Did you know that you can use black coffee in a marinade? Yes, coffee, the elixir of life, can also add new life to grill recipes.
I was curious to know which food — meat, poultry or vegetables — gets the biggest perk from coffee.
I started my marinade with 8 ounces of not-hot coffee. You can brew a cup just for the marinade, or collect the dregs from your morning pot until you have enough. Skip the creamer; the coffee you reserve should be black.
Because coffee is so acidic, I added half of my usual amount of vinegar to the marinade. Balance the vinegar with brown sugar and cinnamon for hints of earthy sweetness that aren’t too sugary. Throw in your favorite aromatics, like garlic and fresh or dried herbs. There’s no added salt in this marinade; the Worcestershire and soy sauces contain plenty of savory sodium. Since we are grilling, we need an oil with a high smoke point. Save your good olive oil for an accompanying salad, and use canola or vegetable oil here.
For my experiment, I marinated a flank steak, chicken breasts and portobello mushrooms for two hours. After grilling, the flank steak was the clear winner. In spite of the relatively short marinating time, the flank steak was infused with deep and excitingly unexpected flavors.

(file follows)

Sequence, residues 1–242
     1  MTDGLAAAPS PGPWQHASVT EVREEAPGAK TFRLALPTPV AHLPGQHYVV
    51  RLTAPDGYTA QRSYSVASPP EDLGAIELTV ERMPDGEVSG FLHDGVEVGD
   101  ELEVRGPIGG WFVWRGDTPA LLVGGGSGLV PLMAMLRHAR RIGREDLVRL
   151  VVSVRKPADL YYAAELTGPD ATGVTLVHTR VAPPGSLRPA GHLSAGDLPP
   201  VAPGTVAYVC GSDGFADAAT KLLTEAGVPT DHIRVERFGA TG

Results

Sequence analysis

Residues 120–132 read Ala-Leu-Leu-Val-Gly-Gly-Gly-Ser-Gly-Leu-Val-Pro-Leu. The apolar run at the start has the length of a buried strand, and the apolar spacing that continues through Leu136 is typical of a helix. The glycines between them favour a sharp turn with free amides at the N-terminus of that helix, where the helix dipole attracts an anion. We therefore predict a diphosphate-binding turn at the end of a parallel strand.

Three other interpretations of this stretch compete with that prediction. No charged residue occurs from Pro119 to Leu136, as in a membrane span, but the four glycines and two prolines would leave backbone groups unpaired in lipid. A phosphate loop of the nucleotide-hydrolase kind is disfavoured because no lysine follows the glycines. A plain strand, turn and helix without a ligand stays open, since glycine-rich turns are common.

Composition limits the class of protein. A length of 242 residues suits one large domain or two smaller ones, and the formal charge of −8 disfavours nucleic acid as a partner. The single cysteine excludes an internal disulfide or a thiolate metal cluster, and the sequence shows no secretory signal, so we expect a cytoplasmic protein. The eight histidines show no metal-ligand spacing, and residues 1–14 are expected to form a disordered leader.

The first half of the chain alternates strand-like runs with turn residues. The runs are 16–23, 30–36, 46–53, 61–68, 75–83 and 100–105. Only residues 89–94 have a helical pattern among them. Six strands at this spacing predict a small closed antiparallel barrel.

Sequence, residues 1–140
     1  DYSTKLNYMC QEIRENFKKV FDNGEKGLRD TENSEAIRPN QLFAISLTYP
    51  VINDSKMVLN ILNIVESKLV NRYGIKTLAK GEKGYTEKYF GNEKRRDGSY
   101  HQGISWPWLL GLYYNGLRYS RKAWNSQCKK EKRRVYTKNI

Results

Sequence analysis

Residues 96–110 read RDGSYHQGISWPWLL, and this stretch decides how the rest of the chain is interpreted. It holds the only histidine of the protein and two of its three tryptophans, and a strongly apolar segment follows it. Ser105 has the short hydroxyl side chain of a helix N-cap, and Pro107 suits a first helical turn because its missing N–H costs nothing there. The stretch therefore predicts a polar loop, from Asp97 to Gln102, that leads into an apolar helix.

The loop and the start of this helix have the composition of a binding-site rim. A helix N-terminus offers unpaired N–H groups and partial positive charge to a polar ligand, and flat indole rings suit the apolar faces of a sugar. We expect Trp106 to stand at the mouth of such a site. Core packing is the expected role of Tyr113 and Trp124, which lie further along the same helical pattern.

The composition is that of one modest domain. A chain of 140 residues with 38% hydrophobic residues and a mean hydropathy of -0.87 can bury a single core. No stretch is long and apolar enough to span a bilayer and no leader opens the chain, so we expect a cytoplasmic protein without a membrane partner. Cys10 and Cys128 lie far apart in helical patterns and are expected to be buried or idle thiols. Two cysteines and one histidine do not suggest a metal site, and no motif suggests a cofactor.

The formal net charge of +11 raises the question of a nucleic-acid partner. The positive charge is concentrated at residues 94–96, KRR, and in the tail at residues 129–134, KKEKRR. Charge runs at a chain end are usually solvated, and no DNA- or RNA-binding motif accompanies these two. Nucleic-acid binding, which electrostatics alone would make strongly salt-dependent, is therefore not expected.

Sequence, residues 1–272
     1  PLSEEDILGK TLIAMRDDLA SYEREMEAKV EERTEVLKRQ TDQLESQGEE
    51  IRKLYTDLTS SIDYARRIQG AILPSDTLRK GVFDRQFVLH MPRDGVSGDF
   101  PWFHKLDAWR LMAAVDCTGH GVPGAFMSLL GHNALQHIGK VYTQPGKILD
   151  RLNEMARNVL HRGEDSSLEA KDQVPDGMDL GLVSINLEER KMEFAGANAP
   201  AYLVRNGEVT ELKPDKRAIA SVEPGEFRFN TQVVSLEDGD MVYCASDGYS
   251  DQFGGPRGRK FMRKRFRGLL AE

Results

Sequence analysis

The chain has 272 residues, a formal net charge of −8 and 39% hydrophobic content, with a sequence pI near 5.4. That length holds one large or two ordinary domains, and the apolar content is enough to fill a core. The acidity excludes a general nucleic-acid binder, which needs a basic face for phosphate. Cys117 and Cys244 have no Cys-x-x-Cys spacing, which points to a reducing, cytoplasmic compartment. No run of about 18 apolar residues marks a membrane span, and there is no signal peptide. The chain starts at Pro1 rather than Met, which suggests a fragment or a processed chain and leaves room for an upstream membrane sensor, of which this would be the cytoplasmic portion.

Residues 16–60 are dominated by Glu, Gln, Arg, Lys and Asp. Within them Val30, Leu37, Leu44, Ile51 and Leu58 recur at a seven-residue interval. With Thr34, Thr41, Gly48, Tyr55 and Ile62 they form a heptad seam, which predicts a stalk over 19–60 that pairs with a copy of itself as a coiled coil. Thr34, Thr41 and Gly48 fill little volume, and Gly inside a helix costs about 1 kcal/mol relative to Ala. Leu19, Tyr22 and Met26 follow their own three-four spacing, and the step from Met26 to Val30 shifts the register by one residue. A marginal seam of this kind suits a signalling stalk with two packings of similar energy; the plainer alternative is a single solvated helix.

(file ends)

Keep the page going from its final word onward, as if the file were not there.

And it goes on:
The chicken absorbed less of the marinade, so it tasted like, well, grilled chicken breasts. If you want the umami notes of the coffee marinade, you’ll need to add an extra hour to your marinating time. Surprisingly, I, an avid-vegetable eater, did not love the marinated portobello mushrooms. The coffee competed with the meaty mushrooms, creating a clash of flavors that was all wrong. I tried again with grilled marinated asparagus, with no improvement. To enjoy your coffee at dinner time, raise a mug to beef.
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Credit: Channel 2 Action News